BRUSSELS (Reuters) – Israeli drugmaker Teva is being investigated by EU antitrust regulators who are looking into whether it illegally hindered rivals’ access to its multiple sclerosis medicine Copaxone.
The European Commission, which carried out unannounced inspections of Teva in 2019 and 2020, said the probe will look into whether Teva has abused its dominant market position in breach of EU antitrust rules, which could lead to hefty fines.
It said Teva may have artificially extended the market exclusivity of Copaxone by strategically filing and withdrawing patents after the 2015 expiry of a basic patent covering ingredient glatiramer acetate which is used in the drug.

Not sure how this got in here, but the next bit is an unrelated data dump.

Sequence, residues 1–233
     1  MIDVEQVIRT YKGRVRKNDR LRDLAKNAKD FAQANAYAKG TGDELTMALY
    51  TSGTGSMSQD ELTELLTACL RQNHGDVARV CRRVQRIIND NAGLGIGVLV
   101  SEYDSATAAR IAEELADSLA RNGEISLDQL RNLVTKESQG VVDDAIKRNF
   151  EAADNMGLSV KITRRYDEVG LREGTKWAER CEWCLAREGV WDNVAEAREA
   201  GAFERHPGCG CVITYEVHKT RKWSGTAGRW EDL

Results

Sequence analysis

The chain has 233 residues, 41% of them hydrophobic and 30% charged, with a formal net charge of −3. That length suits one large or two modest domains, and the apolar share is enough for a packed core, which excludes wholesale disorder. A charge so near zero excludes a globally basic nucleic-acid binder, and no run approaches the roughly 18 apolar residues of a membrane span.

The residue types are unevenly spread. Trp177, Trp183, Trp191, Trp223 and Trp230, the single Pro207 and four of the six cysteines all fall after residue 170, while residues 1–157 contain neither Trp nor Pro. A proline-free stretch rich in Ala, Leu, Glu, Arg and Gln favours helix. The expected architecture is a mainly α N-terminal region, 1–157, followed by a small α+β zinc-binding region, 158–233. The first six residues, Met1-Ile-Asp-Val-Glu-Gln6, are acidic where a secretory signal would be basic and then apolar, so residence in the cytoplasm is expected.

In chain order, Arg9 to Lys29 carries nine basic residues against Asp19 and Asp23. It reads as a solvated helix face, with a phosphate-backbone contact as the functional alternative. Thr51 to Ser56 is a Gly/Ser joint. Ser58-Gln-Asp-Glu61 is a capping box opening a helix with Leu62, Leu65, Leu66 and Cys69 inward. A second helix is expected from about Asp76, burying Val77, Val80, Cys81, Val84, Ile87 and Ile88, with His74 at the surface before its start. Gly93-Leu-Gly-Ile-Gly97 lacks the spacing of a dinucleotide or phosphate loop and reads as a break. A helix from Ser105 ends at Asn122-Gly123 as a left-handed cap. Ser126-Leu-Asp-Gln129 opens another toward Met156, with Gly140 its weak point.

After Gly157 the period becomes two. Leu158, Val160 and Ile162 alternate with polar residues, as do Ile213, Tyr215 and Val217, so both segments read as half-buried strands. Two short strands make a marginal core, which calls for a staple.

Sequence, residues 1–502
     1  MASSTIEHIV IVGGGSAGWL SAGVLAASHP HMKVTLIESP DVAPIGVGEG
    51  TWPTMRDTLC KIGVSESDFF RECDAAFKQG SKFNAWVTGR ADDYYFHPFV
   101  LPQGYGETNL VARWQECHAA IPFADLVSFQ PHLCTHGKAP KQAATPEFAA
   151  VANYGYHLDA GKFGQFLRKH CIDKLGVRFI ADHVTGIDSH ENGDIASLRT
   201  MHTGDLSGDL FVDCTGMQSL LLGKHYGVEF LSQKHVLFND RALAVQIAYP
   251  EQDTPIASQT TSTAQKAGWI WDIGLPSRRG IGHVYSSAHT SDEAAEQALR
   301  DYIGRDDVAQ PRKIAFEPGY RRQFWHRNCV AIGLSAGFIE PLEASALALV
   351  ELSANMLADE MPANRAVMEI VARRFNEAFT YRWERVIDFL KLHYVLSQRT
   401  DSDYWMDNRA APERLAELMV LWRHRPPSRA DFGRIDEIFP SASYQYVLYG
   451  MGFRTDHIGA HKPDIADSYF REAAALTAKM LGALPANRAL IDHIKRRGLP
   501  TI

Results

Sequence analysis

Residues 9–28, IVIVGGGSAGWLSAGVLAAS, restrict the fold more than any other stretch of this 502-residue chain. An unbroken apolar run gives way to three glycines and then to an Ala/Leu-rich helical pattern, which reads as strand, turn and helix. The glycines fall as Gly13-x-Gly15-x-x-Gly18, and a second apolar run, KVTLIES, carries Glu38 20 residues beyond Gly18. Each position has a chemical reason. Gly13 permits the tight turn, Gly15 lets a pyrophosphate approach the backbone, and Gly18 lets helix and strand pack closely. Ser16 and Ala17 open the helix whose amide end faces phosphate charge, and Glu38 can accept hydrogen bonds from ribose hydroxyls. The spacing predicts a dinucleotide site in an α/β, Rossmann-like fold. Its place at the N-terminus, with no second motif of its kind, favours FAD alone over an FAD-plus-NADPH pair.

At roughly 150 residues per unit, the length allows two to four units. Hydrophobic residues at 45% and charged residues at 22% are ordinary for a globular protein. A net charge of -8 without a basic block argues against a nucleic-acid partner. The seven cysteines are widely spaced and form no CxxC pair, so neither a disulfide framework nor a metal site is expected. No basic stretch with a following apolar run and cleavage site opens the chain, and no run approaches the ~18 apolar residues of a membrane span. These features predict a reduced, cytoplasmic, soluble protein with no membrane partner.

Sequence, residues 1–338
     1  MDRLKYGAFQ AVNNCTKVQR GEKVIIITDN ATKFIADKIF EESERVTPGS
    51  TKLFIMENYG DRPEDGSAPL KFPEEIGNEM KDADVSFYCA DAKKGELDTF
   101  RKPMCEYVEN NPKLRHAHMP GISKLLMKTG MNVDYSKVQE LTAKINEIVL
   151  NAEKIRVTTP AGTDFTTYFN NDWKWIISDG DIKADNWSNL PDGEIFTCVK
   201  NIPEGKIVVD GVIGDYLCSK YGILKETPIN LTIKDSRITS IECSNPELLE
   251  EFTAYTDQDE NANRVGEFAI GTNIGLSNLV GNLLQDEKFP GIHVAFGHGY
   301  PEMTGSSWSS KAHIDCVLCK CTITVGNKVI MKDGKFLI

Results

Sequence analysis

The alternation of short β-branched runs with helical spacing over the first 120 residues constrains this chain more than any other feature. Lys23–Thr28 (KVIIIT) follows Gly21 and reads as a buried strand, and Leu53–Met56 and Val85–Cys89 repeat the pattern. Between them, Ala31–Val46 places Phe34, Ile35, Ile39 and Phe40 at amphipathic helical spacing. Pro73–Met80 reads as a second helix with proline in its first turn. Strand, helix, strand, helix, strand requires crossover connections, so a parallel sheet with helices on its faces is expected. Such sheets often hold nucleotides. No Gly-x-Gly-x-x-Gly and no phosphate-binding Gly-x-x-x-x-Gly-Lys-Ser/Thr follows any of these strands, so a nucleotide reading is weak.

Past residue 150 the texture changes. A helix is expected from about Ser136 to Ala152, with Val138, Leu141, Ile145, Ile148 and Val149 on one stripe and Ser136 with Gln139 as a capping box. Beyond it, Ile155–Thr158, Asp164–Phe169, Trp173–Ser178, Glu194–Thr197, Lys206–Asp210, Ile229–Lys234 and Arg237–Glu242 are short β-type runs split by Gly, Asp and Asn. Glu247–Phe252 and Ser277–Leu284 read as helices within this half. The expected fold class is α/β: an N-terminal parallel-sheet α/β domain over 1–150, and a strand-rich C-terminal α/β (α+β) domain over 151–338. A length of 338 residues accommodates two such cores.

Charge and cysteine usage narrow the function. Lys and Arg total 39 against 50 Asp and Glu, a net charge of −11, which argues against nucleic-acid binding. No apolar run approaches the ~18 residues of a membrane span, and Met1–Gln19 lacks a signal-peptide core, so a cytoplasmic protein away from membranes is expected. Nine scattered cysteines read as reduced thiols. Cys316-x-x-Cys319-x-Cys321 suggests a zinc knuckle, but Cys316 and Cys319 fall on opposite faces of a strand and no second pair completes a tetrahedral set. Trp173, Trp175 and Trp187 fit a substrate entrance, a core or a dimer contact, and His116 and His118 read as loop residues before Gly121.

This repeatedly blocked the entry of its generic competitor who was obliged to file a new legal challenge each time.
Teva said it was cooperating with the Commission.
“We do not believe that Teva adopted anti-competitive behaviors in relation to Copaxone,” the company said in a statement.
The EU competition enforcer, which had in November last year announced a preliminary investigation into the company, said the case was important because more than half a million Europeans needed treatment for multiple sclerosis.
“It is also important that companies compete to innovate so that new and affordable treatments can emerge,” European Competition Commissioner Margrethe Vestager said in a statement.
Teva, which has been fined twice in recent years for pay-for-delay deals, could face a sanction up to 10% of its global turnover and an additional deterrent fine if found guilty of breaching EU rules.
(Reporting by Foo Yun Chee; Additional reporting by Steven Scheer in Jerusalem; Editing by Elaine Hardcastle)